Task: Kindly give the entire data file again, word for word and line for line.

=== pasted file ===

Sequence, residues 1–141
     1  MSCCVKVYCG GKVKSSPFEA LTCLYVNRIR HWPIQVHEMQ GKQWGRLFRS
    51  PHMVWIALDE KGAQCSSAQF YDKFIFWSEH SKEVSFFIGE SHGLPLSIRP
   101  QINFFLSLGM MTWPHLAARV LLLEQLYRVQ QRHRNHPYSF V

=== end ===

Sequence, residues 1–141
     1  MSCCVKVYCG GKVKSSPFEA LTCLYVNRIR HWPIQVHEMQ GKQWGRLFRS
    51  PHMVWIALDE KGAQCSSAQF YDKFIFWSEH SKEVSFFIGE SHGLPLSIRP
   101  QINFFLSLGM MTWPHLAARV LLLEQLYRVQ QRHRNHPYSF V